26 March 2010
Doing fairness is difficult.
* The Libdems have announced they would abolish Labour’s winter fuel payment for people aged 60-64 who presently get it; people of 65 and over would still get it. Half the money saved would go, regardless of means, to the severely disabled and the terminally ill of any age as winter fuel payment of £200. Extending the payment to these people is good but many of those who presently get the payment and from whom the Libdems will take it are people who are poor. We should not be asking the vulnerable poor in their early sixties to pay for other vulnerable people. There are about 32 000 people aged 60-64 in Cornwall who would lose this winter fuel payment and the Libdems are silent about the poor and vulnerable in Cornwall who would lose by their policy. This loss probably won’t appear on Libdem election leaflets though I expect the extension will. Oh, and in 1999 the Libdems described winter fuel payments as “a gimmick of a policy” (Hansard 18 January 1999 column 648). I assume they’ve changed their minds about that.
* Upping the tax threshold to £10 000, at cost of about £17 billion, is presented as a Libdem fairness policy. Unfortunately this analysis shows that only about £1 billion of this would go to lift those at the bottom out of tax and £16 billion would go to cutting the tax of those on middle and high incomes and the policy would increase inequality. Of course, people too poor to pay tax would not gain anything at all. The Libdems say that all their policies have to be seen as a whole to measure the effect on rich and poor but I haven’t found any Libdem analysis of that whole comparable to the above analysis of the £10 000 threshold policy. In itself the increase in the threshold would give people on middle incomes much more than those on low incomes; the report devastatingly quotes Michael Howard rejecting such a policy for that very reason.
* The Libdems say they would add to Labour’s weighting for disadvantaged pupils with an additional pupil premium. This would cost about £2.5 billion. It sounds very progressive but look at this paper, A disadvantaged pupil premium, by the Institute for fiscal studies (IFS). The IFS paper indicates that there is a weak link between perpupil spending and attainment and that perhaps eight times more than the Libdem proposals is needed to make a difference.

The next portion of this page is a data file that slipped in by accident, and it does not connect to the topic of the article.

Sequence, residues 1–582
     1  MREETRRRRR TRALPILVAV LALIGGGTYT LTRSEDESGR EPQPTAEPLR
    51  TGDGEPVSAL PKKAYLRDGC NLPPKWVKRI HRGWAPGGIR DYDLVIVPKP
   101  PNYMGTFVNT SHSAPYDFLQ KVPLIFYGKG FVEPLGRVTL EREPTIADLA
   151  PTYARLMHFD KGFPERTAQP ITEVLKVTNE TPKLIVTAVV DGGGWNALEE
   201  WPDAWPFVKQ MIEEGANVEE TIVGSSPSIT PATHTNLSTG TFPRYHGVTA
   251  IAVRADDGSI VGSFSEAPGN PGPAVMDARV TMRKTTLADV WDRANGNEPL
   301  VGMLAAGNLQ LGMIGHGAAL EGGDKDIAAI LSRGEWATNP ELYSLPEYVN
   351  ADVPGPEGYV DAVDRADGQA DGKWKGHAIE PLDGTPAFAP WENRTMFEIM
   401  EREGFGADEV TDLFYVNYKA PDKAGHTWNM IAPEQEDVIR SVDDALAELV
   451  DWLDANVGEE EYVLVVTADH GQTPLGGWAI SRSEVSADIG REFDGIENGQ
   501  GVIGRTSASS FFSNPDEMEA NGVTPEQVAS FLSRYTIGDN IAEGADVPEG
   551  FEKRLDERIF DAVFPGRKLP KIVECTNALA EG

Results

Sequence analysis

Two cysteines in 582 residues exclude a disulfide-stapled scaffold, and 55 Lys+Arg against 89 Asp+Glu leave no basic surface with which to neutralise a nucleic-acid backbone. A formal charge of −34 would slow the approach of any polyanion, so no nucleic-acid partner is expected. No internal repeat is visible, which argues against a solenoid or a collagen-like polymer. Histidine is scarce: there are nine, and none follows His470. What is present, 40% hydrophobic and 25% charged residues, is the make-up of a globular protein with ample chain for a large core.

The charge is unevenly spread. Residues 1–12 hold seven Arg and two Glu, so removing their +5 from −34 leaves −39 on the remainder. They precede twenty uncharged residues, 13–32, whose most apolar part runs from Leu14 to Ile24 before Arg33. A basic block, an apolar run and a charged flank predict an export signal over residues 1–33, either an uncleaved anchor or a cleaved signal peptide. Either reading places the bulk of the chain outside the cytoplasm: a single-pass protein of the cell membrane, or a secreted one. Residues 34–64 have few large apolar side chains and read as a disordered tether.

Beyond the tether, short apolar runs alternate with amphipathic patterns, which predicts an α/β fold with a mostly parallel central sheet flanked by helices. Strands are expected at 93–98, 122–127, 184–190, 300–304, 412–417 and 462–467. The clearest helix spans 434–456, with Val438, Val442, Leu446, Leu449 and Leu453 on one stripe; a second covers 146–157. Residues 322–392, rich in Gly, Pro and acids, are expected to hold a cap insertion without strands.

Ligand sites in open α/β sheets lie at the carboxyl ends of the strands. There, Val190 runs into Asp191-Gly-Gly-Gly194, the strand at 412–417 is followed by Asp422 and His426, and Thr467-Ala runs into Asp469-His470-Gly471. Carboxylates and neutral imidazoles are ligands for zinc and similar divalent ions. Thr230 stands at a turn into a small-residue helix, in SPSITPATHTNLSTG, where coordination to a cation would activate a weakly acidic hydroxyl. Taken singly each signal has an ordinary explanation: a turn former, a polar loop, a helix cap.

* The other day Dan Rogerson, Libdem MP for North Cornwall, said that “scandalously” pupils in inner London get more perhead spent on them than pupils in Cornwall. It’s a familiar Libdem complaint, victim Cornwall; the figures are here. Yes, the inner London figures are higher.
Now consider this. Free school meals are an approximate proxy for deprivation. Look at the proportions of pupils known to be eligible for free school meals in Cornwall and inner London, to use Rogerson’s geographic terms though I think the variation in individual schools make the terms of limited relevance here. The proportions of primary and secondary pupils in Cornwall who are known to be eligible for free school meals are 11 percent and 9 percent. For inner London the figures are 34 and 35 percent. There are some schools in inner London where more than half the pupils are known to be eligible for free school meals; no school in Cornwall approaches anywhere near that proportion though a few have disturbingly high proportions. The tables are here (local authorities) and here (individual schools). Look too at the index of multiple deprivation (you can find it through the post Cornwall data on this site).
We have to look at reducing disadvantage as a whole. We can identify deprivation very finely and we should focus on the individuals and families in need wherever they are. In education, as an important part of that, while every school needs a substantial base of funds to operate, we should be pressing for the focus to recognise individual pupils and schools where the disadvantage and need are most keenly felt – and remember the IFS paper which indicates a vast input of funds is required, a difficulty as we struggle with a monstrous deficit. We should also be looking for a significant and also difficult boost to Labour’s Sure Start which helps before children get to school.
* The county council Libdems agreed the contract for the waste incinerator and now the party, well, what does it think should happen? This is the party that ran Cornwall county council as the council gathered troubling report after troubling report. The Libdems promised us millions of pounds of nett savings from their imposed unitary council. There are none apparently. I don’t suppose that’ll appear on their election leaflets either.
Let’s end with a quiz.
The Liberal Democrats: do you